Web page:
P. gingivalis exploits C5aR signaling to inhibit nitric oxide production and promote its survival in vivo. (A) Wild-type (WT) mice were i.p. pretreated with C5aRA (1 mg/Kg body weight) or PBS control, followed by i.p. infection of these mice, as well as mice deficient in C5aR (C5ar−/−), with 5×107 CFU P. gingivalis. (B and C) Wild-type mice were i.p. pretreated or not with C5aRA with or without L-NAME or D-NAME (0.1 ml of 12.5 mM solution, corresponding to 0.34 mg per mouse) followed by P. gingivalis i.p. infection. Peritoneal fluid was collected 24 hours postinfection and used to determine viable P. gingivalis CFU (A and C) and NO2 production (B). Data are from typical experiments performed twice yielding consistent findings and represent means ± SD (n = 5) or are shown for each individual mouse with horizontal lines denoting mean values. *, P < 0.01 vs. controls. The inverted triangles show significant (P < 0.01) reversal of the C5aRA effects.
Figure 4
Figure 4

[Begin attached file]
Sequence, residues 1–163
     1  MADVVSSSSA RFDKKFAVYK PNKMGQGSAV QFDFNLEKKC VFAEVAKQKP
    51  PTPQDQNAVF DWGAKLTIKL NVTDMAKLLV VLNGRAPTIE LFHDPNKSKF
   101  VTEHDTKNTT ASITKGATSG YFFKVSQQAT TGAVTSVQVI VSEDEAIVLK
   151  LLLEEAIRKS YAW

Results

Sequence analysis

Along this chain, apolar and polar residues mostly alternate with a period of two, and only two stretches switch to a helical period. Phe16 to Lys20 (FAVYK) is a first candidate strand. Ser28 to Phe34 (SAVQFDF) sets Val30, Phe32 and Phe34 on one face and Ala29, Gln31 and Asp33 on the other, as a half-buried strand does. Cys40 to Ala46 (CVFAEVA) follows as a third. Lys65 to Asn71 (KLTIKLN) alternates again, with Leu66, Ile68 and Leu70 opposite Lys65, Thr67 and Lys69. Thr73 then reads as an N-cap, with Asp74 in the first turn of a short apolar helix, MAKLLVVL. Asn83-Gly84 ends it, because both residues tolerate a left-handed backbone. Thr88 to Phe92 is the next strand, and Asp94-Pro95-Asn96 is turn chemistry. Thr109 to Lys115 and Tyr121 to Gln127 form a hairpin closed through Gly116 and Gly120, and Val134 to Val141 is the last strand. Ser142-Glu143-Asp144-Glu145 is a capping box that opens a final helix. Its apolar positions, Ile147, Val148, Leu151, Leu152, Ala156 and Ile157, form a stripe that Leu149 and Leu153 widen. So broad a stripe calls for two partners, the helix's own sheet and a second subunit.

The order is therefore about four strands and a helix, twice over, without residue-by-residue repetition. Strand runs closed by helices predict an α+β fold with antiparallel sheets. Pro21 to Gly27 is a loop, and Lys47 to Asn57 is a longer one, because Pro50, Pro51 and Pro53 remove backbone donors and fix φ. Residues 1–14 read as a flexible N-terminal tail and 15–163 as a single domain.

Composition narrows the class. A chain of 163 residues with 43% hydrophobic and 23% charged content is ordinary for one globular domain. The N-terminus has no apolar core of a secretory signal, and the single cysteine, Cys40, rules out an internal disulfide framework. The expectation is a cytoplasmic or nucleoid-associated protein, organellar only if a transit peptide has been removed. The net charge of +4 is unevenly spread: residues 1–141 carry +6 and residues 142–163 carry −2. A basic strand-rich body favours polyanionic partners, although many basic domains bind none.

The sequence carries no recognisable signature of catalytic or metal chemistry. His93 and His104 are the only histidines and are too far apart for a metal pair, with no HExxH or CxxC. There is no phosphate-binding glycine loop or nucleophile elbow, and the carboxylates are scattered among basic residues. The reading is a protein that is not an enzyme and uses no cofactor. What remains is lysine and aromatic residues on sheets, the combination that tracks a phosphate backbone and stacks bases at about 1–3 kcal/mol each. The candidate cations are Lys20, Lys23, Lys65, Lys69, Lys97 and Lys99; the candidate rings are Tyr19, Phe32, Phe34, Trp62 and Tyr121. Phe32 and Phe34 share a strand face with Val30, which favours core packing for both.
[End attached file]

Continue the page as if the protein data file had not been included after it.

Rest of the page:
Synergistic activation of the cAMP-PKA pathway requires C5aR-TLR2 crosstalk. Macrophages pretreated with 1 μM thapsigargin (TG), 5 mM EGTA, 100 ng/ml pertussis toxin (PTX) (A) or 1μg/ml AMD3100 (B–D) were stimulated with P. gingivalis (Pg; MOI=10:1; 1 hour) with or without 50 nM C5a and assayed for cAMP (A–C) or PKA activity (D). PKA assay specificity was confirmed using PKI-6-22 and an irrelevant kinase inhibitor (KT5823). Forskolin (20 μM; 10-min) served as positive control in experiments with Tlr2−/− macrophages (C and D). (E) PKA activities in freshly explanted peritoneal macrophages from Pg-infected mice (activities of indicated receptor-deficient cells expressed as % wild-type activity). (F) Macrophages pretreated with 1 μM PKI-6-22 or 25 μM PD98059 (PD; control) were stimulated with Pg, with or without C5a, and assayed for GSK3β Ser9-phosphorylation and total GSK3β. (G) Macrophages stimulated with Pg with or without C5a (50 nM), SB216763 (10 μM), or 8-Br-cAMP (100 μM) were assayed for iNOS expression (4 hours) or NO2 (24 hours). (H) Confocal colocalization of P. gingivalis (green), C5aR (red), and TLR2 (blue), as better shown in the bottom right merge image. (I) FRET between the indicated donors and acceptors measured from the increase in donor (Cy3 or FITC) fluorescence after acceptor (Cy5 or TRITC) photobleaching. Data are means ± SD (n=3 except for E, n=5) from typical experiments performed at least twice with consistent results. *, P<0.05; **, P <0.01 between the indicated groups or vs. controls (E and I). (K) Pg induces weak TLR2-dependent cAMP induction (left), whereas CXCR4 or C5aR signaling alone fails to induce cAMP (middle). However, Pg-induced TLR2 signaling with concomitant activation of C5aR and, to a lesser extent, CXCR4 synergistically enhances the immunosuppressive cAMP-PKA pathway that inactivates GSK3β and impairs iNOS-dependent killing.